A Russian state television station has apologized after airing a segment about an Armenian war hero's collaboration with Nazi Germany.
TV Zvezda, a station affiliated with Russia's Ministry of Defense, ran a feature on November 19 about Garegin Nzhdeh, a controversial Armenian nationalist figure. Nzhdeh fought against the Bolshevik takeover of Armenia in the aftermath of the Russian Revolution, and then later allied with Nazi forces in World War II against the Soviet Union.
The hostess of the program, Veronika Krasheninnikova — a senior official in the ruling United Russia party — noted that a statue of Nzhdeh had been erected in Yerevan in 2016, and connected his valorization with Armenia's growing ties with the European Union.
“The association with the European Union is not the only thing Armenia is doing like Ukraine — it's difficult to believe, but Yerevan also is valorizing fascist collaborators,” she said.
Krasheninnikova referred to Nzhdeh as “Armenia's Bandera,” referring to the Ukrainian nationalist Stepan Bandera, who also collaborated with Nazis and also has become a hero to many in Ukraine today. And she compared the insignia of the ruling Republican Party of Armenia (RPA) to that of the Nazi Third Reich.
This is just the latest in a series of historical disputes between Armenia and Russia, which have also touched on the Stalinist purges of 1937 and an effort to remove the names of Bolshevik heroes from Yerevan's streets.
But the comparison of Armenia with Ukraine is especially explosive coming from Russia, which has relentlessly exploited contemporary Ukraine's heroization of nationalist, and occasionally fascist, figures as justification for its multi-pronged attacks on Ukraine.
But Armenia is no Ukraine — it is one of Moscow's closest allies, and hosts a Russian military base.
Armenian officials quickly responded.
“Garegin Nzhdeh is one of the greatest heroes of the Armenian nation and monuments to him should be erected not only in Yerevan, but also in different parts of Armenia,” Eduard Sharmazanov, a spokesman for the RPA, told RFE/RL. “Armenia is a sovereign country and will decide itself whose monuments to erect.”
Sharmazanov added that the comparison of his party's logo to Nazi symbology was “ridiculous and politically blind.”
TV Zvezda quickly backed down, apologizing and removing the segment from its website.
“In a segment devoted to relations between Armenia and the European Union, hostess Veronika Krasheninnikova provided incorrect formulations and assessments with respect to Armenia,” Zvezda's president wrote in a letter to Armenia's ambassador to Moscow, Vardan Toghanyan. “We offer our apology for the mistake.”
A spokesman for the embassy, Levon Torgomyan, said the television station leadership told them that “it was an error and a misunderstanding” and expressed hopes for “neighborly relations going forward.”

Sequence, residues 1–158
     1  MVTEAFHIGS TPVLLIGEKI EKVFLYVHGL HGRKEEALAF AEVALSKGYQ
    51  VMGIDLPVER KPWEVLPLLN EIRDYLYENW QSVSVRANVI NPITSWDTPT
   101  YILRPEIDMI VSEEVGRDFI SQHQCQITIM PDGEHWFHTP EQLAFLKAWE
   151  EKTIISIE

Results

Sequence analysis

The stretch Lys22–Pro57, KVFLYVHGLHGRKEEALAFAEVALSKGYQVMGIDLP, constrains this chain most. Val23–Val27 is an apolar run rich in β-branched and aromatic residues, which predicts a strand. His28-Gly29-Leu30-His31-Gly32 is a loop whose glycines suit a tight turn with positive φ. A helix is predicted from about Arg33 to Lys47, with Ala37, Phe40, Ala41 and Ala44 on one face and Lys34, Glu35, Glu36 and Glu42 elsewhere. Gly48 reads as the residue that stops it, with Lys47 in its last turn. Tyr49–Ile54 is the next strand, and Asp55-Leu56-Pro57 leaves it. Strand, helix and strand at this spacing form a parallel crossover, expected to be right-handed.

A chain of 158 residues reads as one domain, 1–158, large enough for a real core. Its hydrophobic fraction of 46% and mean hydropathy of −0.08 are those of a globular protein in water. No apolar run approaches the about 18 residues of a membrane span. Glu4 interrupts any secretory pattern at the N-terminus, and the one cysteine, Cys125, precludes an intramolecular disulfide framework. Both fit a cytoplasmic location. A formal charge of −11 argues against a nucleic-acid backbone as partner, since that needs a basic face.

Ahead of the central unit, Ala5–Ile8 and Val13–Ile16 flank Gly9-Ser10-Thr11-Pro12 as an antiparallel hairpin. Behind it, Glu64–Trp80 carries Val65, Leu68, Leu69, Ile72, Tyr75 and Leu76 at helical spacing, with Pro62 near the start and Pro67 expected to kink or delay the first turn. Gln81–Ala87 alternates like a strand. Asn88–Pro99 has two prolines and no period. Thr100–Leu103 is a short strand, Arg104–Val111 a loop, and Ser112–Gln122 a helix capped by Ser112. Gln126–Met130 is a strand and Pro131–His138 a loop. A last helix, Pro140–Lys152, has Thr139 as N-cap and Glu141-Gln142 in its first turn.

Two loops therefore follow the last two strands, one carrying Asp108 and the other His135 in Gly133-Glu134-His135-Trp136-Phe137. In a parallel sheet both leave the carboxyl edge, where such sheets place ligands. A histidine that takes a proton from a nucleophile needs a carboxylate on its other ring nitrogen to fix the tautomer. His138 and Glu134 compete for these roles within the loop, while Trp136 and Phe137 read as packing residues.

Krasheninnikova has in the past appeared to be a booster of Azerbaijan, Armenia's foe. Last year she gave an interview to the website Vestnik Kavkaza in which she fawned over Azerbaijan's successes under President Ilham Aliyev. “Azerbaijan will be a prosperous country with a close military-political and economic alliance with Russia,” she predicted.
Azerbaijan has followed the controversy over Nzhdeh with evident glee; the Azerbaijani media closely covered the story of the TV Zvezda report and Foreign Ministry spokesman Hikmet Hajiyev has spoken at length on it. “Nazi propaganda has become a state policy in this country [Armenia],” he said in an interview with News.az. “Armenia's national ideology based on racial chauvinism formed by Nzhdeh Garegin is today the ideological trend of the ruling Republican Party of Armenia and, ultimately, the Armenian government.”
Geopolitical cynicism aside, Nzhdeh is widely considered to be a questionable figure to lionize. And historians do place his legacy, and recent rehabilitation, in the same context as Ukraine and other post-Soviet states.
“All post-Soviet countries are rewriting their history at the moment. Those who were heroes are now enemies; former enemies, even fascists, are now heroes,” said Armenian-American historian Ronald Grigor Suny in a recent interview. “This is happening in the Baltics, and in Armenia. Some people who collaborated with the Nazis, such as Garegin Nzhdeh, are now considered heroes.”
And Efraim Zuroff, director of the Simon Wiesenthal Center office in Jerusalem, objected to the statue Yerevan erected to Nzhdeh last year.
“The fact that they built the statue is quite outrageous,” Zuroff told the Jerusalem Post after the statue was put up. “We must object to any glorification of individuals who fought with the Nazis or extended any assistance to the forces of the Third Reich.”
Zuroff connected the statue of Nzhdeh with “roblematic phenomenon in Eastern Europe at the moment in which history is being rewritten to minimize local collaboration with the Nazis,” the Post reported.
“This is therefore an unfortunate mistake and is an insult to the victims of the Nazis and all those who fought against the Nazis,” Zuroff said.